Tile Upgrades

This topic discusses product tile migrations, which refers to changing the name and values of properties when a customer upgrades tile versions. Tile authors supply a JavaScript file to trigger chaining migrations. Chaining migrations allows for multiple migrations to run sequentially.

Note: In order to use JS migrations, ensure you are using Ops Manager 1.7 or later.

Note: Changing the value ofsingle_az_only for jobs launched by your tile can cause data loss for customers who upgrade to Ops Manager v1.7 versions older than v1.7.20, or v1.8 versions older than v1.8.12. Contact Pivotal Support for help avoiding this.

Update Values or Property Names Using JavaScript

To update a product tile, tile authors must complete the following steps:

  1. In a single .js file, write JavaScript functions which return a hash of the tile’s properties.

  2. Name the file in the format TIMESTAMP_NAME.js. TIMESTAMP must be in the form “YYYYMMDDHHMM” to indicate when the author created the migration. NAME is a human-readable name for the migration, for example, 201606150900_example-product.js.

  3. Copy the TIMESTAMP_NAME.js file to the PRODUCT/migrations/v1 directory.

Example JavaScript Migration File

The functions below display an example migration file:

exports.migrate = function(properties) {
    // Append text to a string

    properties['.web_server.example_string']['value'] += '!'; 

    // Rename property 'example_port' to 'example_port_renamed',
    // retaining the previous value.
    properties['.properties.example_port_renamed'] = 
    delete properties['.properties.example_port'];

    // Append text to a string list

    return properties;

The properties object passed to your anonymous JavaScript migration functions are composed of properties at the job-level and product-level. Review the property names in the example metadata file in Tutorial Tile V3 for more information about job-level and product-level properties. The tile author must update migrations to match the corresponding product metadata file.

Each property’s key in the properties object is its property reference from the metadata file. Property references use one of the following forms:

  • .properties.{property_name} for product-level properties
  • .{job_name}.{property_name} for job-level properties
  • .properties.{property_name}.options.{option_name} or .{job_name}.{property_name}.options.{option_name} for selector option properties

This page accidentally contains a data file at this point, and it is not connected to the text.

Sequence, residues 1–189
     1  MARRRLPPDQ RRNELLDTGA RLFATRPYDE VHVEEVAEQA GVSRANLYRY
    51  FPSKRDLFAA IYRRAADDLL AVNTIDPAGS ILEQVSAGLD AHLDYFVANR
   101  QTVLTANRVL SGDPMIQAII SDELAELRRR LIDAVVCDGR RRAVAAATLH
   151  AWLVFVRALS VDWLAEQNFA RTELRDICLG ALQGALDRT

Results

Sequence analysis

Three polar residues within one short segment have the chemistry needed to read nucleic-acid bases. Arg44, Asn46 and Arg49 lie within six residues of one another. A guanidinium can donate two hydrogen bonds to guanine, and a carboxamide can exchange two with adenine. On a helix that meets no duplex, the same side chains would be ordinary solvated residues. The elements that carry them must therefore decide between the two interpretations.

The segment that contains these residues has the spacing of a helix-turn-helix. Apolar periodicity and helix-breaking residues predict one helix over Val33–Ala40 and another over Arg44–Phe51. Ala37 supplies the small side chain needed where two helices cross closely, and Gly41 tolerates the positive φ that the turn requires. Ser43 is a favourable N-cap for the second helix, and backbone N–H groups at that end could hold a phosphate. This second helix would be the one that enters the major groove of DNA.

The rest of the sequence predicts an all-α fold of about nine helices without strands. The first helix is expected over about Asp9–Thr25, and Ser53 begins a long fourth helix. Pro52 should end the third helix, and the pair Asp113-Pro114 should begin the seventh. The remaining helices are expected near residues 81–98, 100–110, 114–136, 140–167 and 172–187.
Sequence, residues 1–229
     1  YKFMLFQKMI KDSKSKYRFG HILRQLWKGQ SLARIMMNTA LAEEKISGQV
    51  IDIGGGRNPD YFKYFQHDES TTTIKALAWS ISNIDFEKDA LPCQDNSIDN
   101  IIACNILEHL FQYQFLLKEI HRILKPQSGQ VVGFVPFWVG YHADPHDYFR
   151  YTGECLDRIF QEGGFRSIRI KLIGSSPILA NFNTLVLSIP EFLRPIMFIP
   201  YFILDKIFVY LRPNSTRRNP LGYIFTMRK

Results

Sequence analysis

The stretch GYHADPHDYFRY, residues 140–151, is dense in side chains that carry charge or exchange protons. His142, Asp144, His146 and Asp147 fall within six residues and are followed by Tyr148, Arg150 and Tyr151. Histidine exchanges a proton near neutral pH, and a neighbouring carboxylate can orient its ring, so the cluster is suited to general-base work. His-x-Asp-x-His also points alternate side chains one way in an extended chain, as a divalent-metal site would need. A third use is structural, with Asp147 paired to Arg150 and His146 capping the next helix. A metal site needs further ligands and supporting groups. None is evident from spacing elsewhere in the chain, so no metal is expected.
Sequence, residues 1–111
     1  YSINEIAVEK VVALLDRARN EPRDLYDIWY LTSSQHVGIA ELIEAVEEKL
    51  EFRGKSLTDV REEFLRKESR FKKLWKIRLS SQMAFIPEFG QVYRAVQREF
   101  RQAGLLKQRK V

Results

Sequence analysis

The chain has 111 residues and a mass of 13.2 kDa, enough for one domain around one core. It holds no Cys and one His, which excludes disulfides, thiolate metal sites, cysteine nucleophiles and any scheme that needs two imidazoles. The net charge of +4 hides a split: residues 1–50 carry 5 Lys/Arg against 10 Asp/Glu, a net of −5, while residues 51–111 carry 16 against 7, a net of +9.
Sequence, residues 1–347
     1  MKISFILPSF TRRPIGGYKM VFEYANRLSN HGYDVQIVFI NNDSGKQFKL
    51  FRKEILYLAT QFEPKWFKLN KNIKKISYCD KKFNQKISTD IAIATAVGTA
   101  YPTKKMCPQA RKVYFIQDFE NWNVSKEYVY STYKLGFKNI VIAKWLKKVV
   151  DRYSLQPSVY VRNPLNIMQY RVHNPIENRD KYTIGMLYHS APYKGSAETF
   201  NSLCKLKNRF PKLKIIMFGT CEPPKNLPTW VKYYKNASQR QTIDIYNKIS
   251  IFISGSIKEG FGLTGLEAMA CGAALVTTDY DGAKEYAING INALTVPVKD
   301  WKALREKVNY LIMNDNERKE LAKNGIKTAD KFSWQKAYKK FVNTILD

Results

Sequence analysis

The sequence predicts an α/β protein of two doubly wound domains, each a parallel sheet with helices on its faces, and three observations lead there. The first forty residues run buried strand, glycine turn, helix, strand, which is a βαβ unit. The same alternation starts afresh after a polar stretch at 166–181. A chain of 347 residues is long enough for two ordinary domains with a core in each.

The object accessed through the property reference contains a value key whose structure is specific to the type of the property. Objects may be a string, an array, or a hash. Review the reference below for the structure of each type of property.

JavaScript Migrations API

Inside a JavaScript migration function, the system provides the following functions for your code:

Arguments:  string
Return value:  none
Description:  Prints the string to the Rails log
  console.log(“Hello World”);
Arguments:  none
Return value:  string (example:
Description:  Returns the version of the product that is currently installed
Arguments:  none
Return value:  string (example:  115f9ced-3167-4c7c-959b-d52c07f32cbf)
Description:  Returns a globally unique identifier (GUID) that can be used as the unique identifier for each element of a Collections property.  When updating a Collection property blueprint, you as the migration author are responsible for updating the GUID of each new collection element that you create.
Notes:  This function can be called a maximum of 100 times per `.js` file.  If you need more than 100 GUIDs, break your migration into two `.js` files.
  console.log(“Here's a GUID:  ”+generateGUID())
Arguments:  string containing error message
Return value:  none (never returns)
Description:  Causes the migration to fail immediately.  Rolls back all migrations in the current chain, i.e, no changes will be committed.
  if (something > 5) {
    abortMigration("Can't upgrade tile when the value of something is more than 5")

Property Type Value Structure Example
single-value properties Single value, but type-specific properties['.properties.my-prop'].value = 'my-string'; properties['.properties.other-prop'].value = true
dropdown Array of options properties['.properties.my-prop'].value = ['option1', 'option2']
rsa_cert_credentials Object properties['.properties.my-prop'].value = {'private_key_pem' => 'a-private-key', 'cert_pem' => 'a-cert-pem'}
rsapkeycredentials Object properties['.properties.my-prop'].value = {'private_key_pem' => 'a-private-key'}
salted_credentials Object properties['.properties.my-prop'].value = {'identity' => 'an-identity', 'salt' => 'mortons', 'password' => 'books'}
simple_credentials Object properties['.properties.my-prop'].value = {'identity' => 'an-identity', 'password' => 'secret'}
collections Array of objects properties['.properties.my-prop'].value = [{name: {value: 'foo'}, recordid: {value: 1}}, {name: {value: 'bar'}, recordid: {value: 2}}]
Selected value
String properties['.properties.my-prop'].value = 'selected option label'
{selector option name.property name}
Value object specific to property type properties['.properties.selector.option1.prop1'].value = 'foo' properties['.properties.selector.option1.prop2'].value = 2 properties['.properties.selector.option2.prop3'].value = ['bar', 'baz']